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Prediction of post-induction hypotension in young adults using ultrasound-derived inferior vena cava parameters: An observational study

Mohammed, Sadik,; Syal, Rashmi; Bhatia, Pradeep; Chhabra, Swati; Chouhan, Ravindra S; Kamal, Manoj

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doi: 10.4103/ija.IJA_1514_20
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Intravenous (IV) anaesthetic agents induced cardiovascular depression and reduction in peripheral sympathetic tone produces hypotension. This hypotensive response may be accentuated by various underlying conditions like hypovolaemia, pre-existing cardiac dysfunction etc.[1] Hypotension during general anaesthesia (GA) raises the risk of perioperative myocardial infarction, stroke, heart failure, acute renal injury and a longer stay in the hospital. It also increases 1-year mortality rate.[234]

Hypotension has been shown to be a common side effect of propofol administration, with incidence as high as 49%.[5] American Society of Anesthesiologists (ASA) class III and IV, baseline mean arterial pressure (MAP) less than 70 mmHg, age greater than 50 years and a high fentanyl dose are all predictors of hypotension after induction of anaesthesia with propofol.[4] With a sensitivity of 33% and a specificity of 95%, heart rate (HR) variability could predict post-induction hypotension and bradycardia.[6] Various studies have evaluated the role of the inferior vena cava (IVC) and its respiratory variability, that is collapsibility index (CI), as a predictor of hypotension both during induction of GA and after spinal anaesthesia in a mixed patient population.[78]

We aimed to evaluate the diagnostic accuracy of these parameters for prediction of episodes of hypotension after induction of anaesthesia with propofol in healthy adult patients in whom the above-mentioned predictors of hypotension were absent. We anticipated that IVC-derived parameters might accurately predict episodes of post-induction hypotension in healthy adult patients. The primary objective of the study was to find out the diagnostic accuracy in terms of sensitivity and specificity of the IVC-derived parameters for prediction of post-induction hypotension. Secondary objectives were incidence of hypotension and association between IVC-derived parameters and the percentage decrease in MAP from baseline after induction.


The present prospective observational study was conducted in the operating room of a tertiary care referral centre during January 2018 to June 2019. Approval from the institute’s ethical committee [Certificate Reference Number: AIIMS/IEC/2017/902, dated: 02/11/2017] and written informed consent from patients was obtained. The study was registered with Clinical Trials Registry, India ( (Reg. No.: CTRI/2018/01/011108). A total of 110 patients of either sex, aged between 18 and 50 years, belonging to ASA physical status I and II, fasted as per the institutional protocol (2 h for clear fluids and at least 6 h for solid) and scheduled for elective surgery under GA were enroled. Patients with preoperative MAP <70 mmHg, epidural catheter activated before induction, pregnancy, known or recently diagnosed hypertension, diabetes mellitus on treatment, peripheral vascular disease, anticipated and unanticipated difficult airway, mental incompetence, intra-abdominal hypertension, autonomic nervous system dysfunction and implanted pacemaker/cardioverter were excluded.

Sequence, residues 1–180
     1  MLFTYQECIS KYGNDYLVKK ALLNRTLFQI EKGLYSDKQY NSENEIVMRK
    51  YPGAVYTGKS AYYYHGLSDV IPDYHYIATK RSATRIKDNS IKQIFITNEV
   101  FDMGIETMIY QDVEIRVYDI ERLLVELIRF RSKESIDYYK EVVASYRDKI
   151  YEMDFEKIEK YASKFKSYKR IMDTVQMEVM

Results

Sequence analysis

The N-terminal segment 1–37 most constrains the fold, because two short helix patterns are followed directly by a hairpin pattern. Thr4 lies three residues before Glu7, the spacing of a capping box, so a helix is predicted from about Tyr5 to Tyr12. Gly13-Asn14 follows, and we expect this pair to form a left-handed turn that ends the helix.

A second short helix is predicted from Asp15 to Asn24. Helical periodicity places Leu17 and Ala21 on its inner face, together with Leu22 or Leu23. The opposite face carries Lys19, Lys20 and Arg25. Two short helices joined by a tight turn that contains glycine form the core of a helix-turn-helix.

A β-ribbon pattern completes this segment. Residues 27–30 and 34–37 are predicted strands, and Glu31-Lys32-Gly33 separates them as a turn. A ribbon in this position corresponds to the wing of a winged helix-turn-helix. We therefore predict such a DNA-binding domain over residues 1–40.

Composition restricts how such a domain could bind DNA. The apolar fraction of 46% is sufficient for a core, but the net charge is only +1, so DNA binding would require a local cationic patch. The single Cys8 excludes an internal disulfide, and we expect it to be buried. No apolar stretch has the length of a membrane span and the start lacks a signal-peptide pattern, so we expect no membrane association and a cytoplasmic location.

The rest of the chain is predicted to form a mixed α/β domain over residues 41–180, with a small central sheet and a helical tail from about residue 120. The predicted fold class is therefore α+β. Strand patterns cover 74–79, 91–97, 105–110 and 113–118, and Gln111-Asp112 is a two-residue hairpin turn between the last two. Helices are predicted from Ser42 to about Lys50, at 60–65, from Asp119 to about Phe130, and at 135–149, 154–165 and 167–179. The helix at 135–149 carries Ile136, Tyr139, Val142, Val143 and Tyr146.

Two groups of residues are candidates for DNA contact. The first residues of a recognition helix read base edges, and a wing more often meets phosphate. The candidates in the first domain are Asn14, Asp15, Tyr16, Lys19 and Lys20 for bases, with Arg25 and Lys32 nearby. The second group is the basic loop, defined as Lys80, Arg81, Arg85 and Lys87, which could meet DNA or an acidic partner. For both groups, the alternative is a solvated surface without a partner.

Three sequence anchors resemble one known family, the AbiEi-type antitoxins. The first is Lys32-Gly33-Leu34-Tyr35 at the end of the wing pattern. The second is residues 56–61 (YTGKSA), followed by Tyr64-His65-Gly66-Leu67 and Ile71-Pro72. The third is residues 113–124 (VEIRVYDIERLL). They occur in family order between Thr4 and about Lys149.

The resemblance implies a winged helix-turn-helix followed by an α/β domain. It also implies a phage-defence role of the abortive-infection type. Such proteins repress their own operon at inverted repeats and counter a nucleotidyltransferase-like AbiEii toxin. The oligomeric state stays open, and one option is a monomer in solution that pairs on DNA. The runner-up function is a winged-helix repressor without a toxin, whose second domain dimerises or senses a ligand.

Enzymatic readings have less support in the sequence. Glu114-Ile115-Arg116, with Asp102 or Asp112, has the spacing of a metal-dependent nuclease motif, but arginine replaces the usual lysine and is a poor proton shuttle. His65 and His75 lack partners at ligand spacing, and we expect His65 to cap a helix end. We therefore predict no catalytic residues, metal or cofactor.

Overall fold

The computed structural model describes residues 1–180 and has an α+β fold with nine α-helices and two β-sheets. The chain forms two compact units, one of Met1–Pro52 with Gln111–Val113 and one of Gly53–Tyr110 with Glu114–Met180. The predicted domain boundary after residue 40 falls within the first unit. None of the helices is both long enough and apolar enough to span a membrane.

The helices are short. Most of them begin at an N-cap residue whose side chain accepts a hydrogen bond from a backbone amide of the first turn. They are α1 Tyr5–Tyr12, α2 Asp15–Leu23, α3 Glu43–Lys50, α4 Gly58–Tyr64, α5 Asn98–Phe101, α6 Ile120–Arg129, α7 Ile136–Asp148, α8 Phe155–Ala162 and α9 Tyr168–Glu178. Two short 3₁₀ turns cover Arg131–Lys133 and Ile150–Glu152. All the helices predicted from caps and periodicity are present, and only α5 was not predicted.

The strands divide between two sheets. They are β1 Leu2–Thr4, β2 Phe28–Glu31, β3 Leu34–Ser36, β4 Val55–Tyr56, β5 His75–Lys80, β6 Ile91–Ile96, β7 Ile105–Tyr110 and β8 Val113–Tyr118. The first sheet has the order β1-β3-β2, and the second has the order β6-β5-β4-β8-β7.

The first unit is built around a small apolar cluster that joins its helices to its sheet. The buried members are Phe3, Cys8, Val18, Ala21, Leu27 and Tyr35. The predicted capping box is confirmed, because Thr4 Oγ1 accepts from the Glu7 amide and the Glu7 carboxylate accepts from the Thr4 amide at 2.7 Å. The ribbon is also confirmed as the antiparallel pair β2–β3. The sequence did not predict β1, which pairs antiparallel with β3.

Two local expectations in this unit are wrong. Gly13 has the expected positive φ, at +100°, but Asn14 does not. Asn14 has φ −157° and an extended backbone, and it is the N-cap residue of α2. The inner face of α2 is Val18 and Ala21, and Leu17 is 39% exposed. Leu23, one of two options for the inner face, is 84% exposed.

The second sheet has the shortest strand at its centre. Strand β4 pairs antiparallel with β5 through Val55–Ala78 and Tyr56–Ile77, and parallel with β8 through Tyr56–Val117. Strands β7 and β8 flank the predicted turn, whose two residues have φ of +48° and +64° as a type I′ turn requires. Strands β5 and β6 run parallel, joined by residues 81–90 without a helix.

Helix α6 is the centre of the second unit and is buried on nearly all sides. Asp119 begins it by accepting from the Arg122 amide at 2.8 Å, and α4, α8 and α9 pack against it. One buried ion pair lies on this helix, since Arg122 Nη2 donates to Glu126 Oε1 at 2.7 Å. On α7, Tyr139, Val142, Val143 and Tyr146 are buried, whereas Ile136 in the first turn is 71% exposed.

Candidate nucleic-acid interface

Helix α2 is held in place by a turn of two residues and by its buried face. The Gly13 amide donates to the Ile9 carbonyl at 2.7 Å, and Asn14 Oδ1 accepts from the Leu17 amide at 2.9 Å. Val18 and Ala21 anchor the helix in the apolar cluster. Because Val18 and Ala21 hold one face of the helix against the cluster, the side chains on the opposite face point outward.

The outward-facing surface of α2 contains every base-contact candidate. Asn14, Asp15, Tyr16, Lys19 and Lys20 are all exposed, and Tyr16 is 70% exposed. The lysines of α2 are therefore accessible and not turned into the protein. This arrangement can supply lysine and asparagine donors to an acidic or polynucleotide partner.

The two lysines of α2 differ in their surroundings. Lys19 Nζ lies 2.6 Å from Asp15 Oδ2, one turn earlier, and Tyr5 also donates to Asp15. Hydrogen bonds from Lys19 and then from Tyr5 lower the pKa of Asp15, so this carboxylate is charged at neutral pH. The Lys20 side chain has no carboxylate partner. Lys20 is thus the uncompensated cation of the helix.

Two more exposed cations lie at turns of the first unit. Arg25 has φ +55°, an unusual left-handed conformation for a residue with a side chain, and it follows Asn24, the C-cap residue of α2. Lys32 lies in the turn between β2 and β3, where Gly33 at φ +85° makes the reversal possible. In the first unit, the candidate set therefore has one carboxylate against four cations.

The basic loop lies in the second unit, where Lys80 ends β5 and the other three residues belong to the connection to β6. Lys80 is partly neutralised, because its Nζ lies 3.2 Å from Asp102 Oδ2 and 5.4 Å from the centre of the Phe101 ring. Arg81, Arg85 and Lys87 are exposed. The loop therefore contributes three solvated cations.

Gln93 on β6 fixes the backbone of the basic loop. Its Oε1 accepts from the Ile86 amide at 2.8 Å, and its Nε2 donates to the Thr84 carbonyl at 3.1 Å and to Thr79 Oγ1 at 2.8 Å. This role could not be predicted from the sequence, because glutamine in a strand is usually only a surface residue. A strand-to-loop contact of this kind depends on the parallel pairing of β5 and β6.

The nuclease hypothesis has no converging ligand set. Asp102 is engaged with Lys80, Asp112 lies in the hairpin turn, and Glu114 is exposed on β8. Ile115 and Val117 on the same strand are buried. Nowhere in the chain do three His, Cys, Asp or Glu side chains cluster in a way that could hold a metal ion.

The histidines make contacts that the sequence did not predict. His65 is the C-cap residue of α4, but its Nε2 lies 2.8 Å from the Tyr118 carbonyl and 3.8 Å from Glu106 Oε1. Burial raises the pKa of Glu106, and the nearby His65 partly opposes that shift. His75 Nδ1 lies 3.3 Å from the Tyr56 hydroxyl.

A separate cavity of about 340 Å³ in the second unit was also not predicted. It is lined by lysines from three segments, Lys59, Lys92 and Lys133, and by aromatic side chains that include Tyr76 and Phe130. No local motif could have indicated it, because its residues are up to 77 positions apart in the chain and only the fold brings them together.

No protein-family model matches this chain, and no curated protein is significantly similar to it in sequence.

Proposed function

On the day of surgery in the preoperative holding area, demographic data were recorded and ultrasound examination of IVC was done. At the time of IVC examination, the patient was lying supine and breathing spontaneously. Ultrasound measurements were performed using a phased array transducer (2.5–5 MHz) of ultrasound machine (“LOGIQ e”, GE Healthcare, Chicago, United States) set to abdominal mode. According to the American Society of Echocardiography’s protocol, the IVC was seen with a paramedian long-axis view through a subcostal window.[9] The IVC was seen in two dimensions as it entered the right atrium. The IVC was distinguished from the aorta using pulse wave Doppler. M-mode imaging was used to measure the variation in IVC diameter with breathing at a distance of 2–3 cm from the right atrium. Built-in software was used to measure the maximum and minimum IVC diameters (dIVCmax and dIVCmin, respectively) during a single breathing cycle. The CI was determined using the formula CI = (dIVCmax – dIVCmin)/dIVCmax and expressed as a percentage. Three scans were performed on each patient to guarantee consistent IVC readings. A difference in maximum diameter of IVC values of less than 0.2 cm between any two images was selected as the criterion for data inclusion in the final analysis.

After the IVC examination, patients were shifted to the operating room and standard monitors were attached. IV line was secured with 18 or 20 G cannula and maintenance IV fluid (Ringer’s Lactate) was started at the rate of 10 ml/kg/h. The doses of drugs for premedication (midazolam and fentanyl), induction (propofol) and neuromuscular blockade were left to the discretion of the attending anaesthesiologists and were recorded. The endpoint of the propofol induction was loss of response to verbal commands. After achieving adequate relaxation, airway was secured using direct laryngoscopy.

Vitals (HR, MAP and peripheral oxygen saturation [SpO2]) were recorded just before induction and then at every minute after induction for 10 min. Inhalational agent (targeting a minimum alveolar concentration of 0.7–0.8) in air–oxygen mixture (60:40) was started and only minor stimulation (catheterisation and draping) was allowed during the observation period. Hypotension following anaesthesia induction was defined as a drop in MAP below 65 mmHg and/or a drop in MAP of more than 30% from baseline. Significant hypotension (MAP less than 55 mmHg or >40% drop in MAP) or prolonged hypotension (duration greater than or equal to 2 min) was treated with IV ephedrine boluses (3 mg). Significant bradycardia (HR <40 beats/min) was treated with IV atropine (0.3 mg).

Sample size was calculated using software G*Power (version, Institute of Experimental Psychology, Heinrich Heine University, Dusseldorf, Germany).[10] Zhang et al.[7] had found good diagnostic accuracy of IVC-CI for predicting hypotension after induction of GA as the area under curve (AUC) was 0.9 (95% confidence interval, 0.82–0.95). We assumed that 20% of patients (allocation ratio 4) in whom the clinical predictors of post-induction hypotension were absent would develop post-induction hypotension, and the AUC of ROC between post-induction hypotension and IVC-CI would be 0.6. Based on this, a sample of 84 patients achieved 80% power using two-tailed z-test at a significance of 0.05.